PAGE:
Investor Views: Will Rolls Royce Shares Deliver an Early Retirement?

Private investor Jon Batley is building a share portfolio which he hopes will allow him to retire early

Emma Simon 10 August, 2018 | 10:50AM
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Engineering company Rolls-Royce Holdings has a four-star rating, meaning Morningstar equity analysts consider it to be trading below its fair value estimate

Jon Batley, who is in his mid 40s, is building up a portfolio of stocks he hopes will help him retire before State Pension age.

“I can see that the government is going to keep pushing back the age at which people qualify for the State Pension,” he says. “By the time I get to my 60s, the retirement age may well be the wrong side of 70. This has encouraged me to invest. I try to put in what surplus savings I can, with a view to giving me a bit more flexibility.”

Batley has taken a twin-track approach; property and equities. A decade ago he invested in a two buy-to-let properties and he is building up a share portfolio.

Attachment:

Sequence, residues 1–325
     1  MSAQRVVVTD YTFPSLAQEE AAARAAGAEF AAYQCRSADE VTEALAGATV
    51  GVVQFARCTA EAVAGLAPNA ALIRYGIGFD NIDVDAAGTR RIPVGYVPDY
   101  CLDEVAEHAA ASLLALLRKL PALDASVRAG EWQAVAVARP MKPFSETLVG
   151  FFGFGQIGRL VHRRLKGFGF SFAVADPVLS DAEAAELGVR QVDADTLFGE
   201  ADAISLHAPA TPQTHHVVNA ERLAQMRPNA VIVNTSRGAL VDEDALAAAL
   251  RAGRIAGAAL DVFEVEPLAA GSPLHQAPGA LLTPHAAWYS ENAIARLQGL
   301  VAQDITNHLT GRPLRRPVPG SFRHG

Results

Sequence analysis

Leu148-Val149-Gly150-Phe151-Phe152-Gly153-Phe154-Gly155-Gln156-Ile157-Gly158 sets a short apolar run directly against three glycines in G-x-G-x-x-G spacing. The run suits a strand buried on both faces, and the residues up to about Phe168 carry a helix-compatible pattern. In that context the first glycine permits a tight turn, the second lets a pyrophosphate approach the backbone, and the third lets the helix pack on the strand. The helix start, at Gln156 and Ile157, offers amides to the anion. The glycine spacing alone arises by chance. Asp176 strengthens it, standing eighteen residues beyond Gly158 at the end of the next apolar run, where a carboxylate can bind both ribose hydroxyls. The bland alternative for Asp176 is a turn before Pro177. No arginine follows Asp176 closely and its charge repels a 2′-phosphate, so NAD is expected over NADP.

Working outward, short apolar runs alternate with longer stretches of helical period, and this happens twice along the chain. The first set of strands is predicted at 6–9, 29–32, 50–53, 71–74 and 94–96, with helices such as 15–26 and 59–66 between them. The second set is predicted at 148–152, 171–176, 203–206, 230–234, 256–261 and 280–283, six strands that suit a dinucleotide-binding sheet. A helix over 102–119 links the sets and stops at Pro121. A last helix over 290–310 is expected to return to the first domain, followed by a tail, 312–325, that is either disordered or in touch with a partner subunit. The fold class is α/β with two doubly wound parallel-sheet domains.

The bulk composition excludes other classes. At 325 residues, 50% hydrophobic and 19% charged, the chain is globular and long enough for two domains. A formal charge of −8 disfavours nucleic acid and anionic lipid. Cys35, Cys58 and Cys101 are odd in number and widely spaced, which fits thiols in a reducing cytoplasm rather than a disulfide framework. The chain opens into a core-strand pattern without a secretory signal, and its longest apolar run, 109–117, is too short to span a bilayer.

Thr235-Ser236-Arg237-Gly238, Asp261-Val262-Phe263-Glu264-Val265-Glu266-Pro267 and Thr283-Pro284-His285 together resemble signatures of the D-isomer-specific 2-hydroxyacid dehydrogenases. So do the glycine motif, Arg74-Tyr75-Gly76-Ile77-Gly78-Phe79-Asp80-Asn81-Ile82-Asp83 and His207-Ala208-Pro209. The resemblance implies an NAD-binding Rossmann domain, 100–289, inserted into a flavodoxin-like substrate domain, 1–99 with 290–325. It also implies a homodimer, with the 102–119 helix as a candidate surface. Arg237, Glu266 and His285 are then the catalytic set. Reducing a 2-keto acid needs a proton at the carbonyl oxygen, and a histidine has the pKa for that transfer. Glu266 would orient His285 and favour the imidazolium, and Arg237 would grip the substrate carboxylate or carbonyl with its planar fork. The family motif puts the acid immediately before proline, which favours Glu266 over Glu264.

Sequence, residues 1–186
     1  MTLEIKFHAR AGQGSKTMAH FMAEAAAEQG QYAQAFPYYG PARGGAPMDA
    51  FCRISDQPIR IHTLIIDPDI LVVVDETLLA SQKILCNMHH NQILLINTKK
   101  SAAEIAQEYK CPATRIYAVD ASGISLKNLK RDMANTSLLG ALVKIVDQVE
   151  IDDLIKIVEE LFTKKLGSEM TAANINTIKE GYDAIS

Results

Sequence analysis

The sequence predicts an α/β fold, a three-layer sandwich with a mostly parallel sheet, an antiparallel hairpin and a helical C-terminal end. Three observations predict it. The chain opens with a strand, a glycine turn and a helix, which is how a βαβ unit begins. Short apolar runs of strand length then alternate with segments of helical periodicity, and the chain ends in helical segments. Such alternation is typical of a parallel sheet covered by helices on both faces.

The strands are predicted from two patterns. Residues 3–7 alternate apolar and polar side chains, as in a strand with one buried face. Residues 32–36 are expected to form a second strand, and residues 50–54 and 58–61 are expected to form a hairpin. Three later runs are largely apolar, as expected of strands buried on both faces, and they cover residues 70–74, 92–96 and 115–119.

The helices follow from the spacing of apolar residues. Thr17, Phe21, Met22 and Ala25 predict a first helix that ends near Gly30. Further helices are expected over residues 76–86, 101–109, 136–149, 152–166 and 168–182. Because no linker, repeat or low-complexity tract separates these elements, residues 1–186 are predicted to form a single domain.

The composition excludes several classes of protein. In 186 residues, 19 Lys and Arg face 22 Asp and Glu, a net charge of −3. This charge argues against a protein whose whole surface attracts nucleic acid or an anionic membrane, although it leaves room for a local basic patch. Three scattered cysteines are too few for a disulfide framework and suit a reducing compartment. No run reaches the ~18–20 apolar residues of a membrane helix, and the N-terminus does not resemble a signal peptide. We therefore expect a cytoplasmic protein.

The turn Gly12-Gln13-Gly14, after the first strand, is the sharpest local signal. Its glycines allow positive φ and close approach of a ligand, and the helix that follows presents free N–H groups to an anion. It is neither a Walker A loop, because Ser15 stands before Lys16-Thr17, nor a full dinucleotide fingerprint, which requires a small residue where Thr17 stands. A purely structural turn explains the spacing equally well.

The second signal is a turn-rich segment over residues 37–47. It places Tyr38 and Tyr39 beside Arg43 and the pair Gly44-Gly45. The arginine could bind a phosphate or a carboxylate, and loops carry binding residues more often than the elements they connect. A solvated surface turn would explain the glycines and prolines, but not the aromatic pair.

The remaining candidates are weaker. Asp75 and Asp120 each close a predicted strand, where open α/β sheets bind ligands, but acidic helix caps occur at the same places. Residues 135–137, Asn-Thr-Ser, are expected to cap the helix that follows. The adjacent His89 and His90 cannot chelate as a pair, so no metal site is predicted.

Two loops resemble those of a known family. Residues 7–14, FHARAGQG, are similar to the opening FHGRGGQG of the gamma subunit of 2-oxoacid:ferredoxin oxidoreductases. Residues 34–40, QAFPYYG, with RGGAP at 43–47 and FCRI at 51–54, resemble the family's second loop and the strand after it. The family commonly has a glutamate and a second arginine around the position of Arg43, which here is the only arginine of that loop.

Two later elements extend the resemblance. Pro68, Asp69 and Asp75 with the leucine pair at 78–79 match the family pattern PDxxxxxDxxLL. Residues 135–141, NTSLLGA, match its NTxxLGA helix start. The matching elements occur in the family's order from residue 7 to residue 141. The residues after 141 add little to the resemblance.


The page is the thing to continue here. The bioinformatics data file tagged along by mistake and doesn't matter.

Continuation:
He says: “Obviously investing in property means taking on additional debt. At the time I had the option of either moving into a bigger home myself, or investing in a separate buy-to-let, so I stayed in the smaller property.”

Property Delivers Income and Growth

Batley, who lives near Oxford, says that although he would like to expand his property investment at some point, the additional tax charges – which include the second property stamp duty surcharge – mean that this is now a less attractive option.

He adds: “Property has delivered a good rental yield and has not been difficult to let as a whole. We’ve seen prices head upwards as well over this period, after a relatively slow start.”

But Batley is aware the future is less certain: “At the moment mortgage rates remain low. But if interest rates go up and house prices soften it may look less attractive, particularly as these are less tax-efficient investments now.”